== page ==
DESE data breach compromises three educators’ information – Jefferson City News Tribune

dese-data-breach-compromises-three-educators’-information-–-jefferson-city-news-tribune

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Jeffrey Wann, State of Missouri Chief Information Officer, who leads the OA Information Technology Services Division.
Photo
by
Julie Smith
/ News Tribune.

The state Department of Elementary and Secondary Education was hacked and the Social Security numbers of three Missouri educators were potentially compromised, the department noticed Tuesday.

Personally identifiable information, including the Social Security numbers, for three Missouri educators was accessed through the state's educator certification data on DESE's website Oct. 12.

The hacker took the records of at least three educators, decoded the HTML source code and accessed Social Security numbers.

Upon verification, DESE notified Missouri's Office of Administration Information Technology Services Division — the department responsible for creating and maintaining the website application that was compromised.

OA-ITSD disabled the educator certification search tool by removing public access and updated the code to repair its vulnerability.

"OA-ITSD takes the security of citizen data very seriously. We utilize multiple tools from multiple vendors to scan for vulnerabilities on a continuous basis, as well as code reviews utilizing secure coding practices," said Jeff Wann, Missouri's Chief Information Officer. "As new threats continually arise, ITSD acts quickly to address those threats. Upon learning of this vulnerability, ITSD removed public access from the system and updated the code to remediate the vulnerability immediately. All similarly situated public-facing systems were evaluated for this vulnerability and no other instances were found. Modernizing the State's systems is a high priority to assure ever changing security threats are addressed."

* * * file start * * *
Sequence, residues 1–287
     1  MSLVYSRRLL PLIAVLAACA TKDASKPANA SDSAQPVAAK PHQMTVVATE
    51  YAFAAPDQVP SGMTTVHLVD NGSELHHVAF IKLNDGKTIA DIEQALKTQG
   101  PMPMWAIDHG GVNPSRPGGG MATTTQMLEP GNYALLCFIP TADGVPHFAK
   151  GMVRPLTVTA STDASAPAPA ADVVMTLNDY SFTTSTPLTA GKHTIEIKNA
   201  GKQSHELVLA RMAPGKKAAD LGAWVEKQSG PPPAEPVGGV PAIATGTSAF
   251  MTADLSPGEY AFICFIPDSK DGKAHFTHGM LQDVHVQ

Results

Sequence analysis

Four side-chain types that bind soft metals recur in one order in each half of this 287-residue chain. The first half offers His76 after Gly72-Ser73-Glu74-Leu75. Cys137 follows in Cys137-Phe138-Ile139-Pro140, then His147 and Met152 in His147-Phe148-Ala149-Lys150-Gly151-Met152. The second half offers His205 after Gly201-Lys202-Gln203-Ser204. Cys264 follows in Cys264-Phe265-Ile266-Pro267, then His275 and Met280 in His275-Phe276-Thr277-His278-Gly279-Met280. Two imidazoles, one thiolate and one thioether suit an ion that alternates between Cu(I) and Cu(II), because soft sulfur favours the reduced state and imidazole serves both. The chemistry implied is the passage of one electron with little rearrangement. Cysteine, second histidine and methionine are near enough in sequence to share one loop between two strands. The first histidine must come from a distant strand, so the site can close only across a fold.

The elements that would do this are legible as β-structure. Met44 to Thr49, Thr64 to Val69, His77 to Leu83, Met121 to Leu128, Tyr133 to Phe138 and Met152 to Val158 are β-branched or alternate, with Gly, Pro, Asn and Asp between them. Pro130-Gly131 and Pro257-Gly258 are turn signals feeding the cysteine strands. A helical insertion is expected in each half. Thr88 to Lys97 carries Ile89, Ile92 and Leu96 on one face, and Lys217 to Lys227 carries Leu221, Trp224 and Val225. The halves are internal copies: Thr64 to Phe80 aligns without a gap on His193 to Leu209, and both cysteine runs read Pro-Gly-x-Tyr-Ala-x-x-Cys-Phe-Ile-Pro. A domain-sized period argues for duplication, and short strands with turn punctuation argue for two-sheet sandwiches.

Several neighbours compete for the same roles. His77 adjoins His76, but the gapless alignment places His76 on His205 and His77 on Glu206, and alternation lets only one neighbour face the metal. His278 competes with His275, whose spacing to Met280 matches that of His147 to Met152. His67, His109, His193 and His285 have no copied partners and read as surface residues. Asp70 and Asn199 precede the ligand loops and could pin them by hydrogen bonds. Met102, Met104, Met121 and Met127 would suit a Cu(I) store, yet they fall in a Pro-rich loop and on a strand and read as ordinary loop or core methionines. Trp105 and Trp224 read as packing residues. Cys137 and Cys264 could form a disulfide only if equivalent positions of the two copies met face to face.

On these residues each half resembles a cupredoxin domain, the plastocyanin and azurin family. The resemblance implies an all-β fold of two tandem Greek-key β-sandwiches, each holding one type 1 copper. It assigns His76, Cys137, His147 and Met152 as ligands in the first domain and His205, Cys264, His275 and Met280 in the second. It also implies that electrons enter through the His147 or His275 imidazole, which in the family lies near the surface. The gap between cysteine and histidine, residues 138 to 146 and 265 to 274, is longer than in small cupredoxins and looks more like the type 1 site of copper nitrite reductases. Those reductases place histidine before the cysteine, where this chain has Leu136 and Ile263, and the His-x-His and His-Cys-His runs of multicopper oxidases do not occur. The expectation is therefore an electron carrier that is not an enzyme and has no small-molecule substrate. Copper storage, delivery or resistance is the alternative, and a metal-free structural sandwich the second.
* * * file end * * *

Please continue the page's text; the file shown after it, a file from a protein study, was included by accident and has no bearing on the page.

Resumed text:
The compromised data is linked to a DESE tool from 2011 that local education agencies can use to verify the certificates held by educators.

Local education agencies can use the last four digits of an educator's Social Security number as a piece of unique information when searching to verify certifications.

The educators' records were accessed on an individual basis as there isn't an option to decode Social Security numbers for all educators at once.

According to an OA press release, the state is currently unaware of any misuse of the individuals' information.

OA-ITSD is continuing to investigate the incident to ensure there aren't additional issues within DESE's data or data collected by other state agencies.

It has performed testing of all public facing web applications across all state agencies and has not identified any additional vulnerabilities in the last 24 hours.

Additionally, third-party penetration testers have been requested to look into this vulnerability among all state government websites.

OA-ITSD has conducted previous vulnerability scans of DESE's educator certification search tool, none of which identified concerns or potential threats.

DESE and OA-ITSD will continue to assess the situation and determine next steps. Updates will be posted to dese.mo.gov/data-incident.

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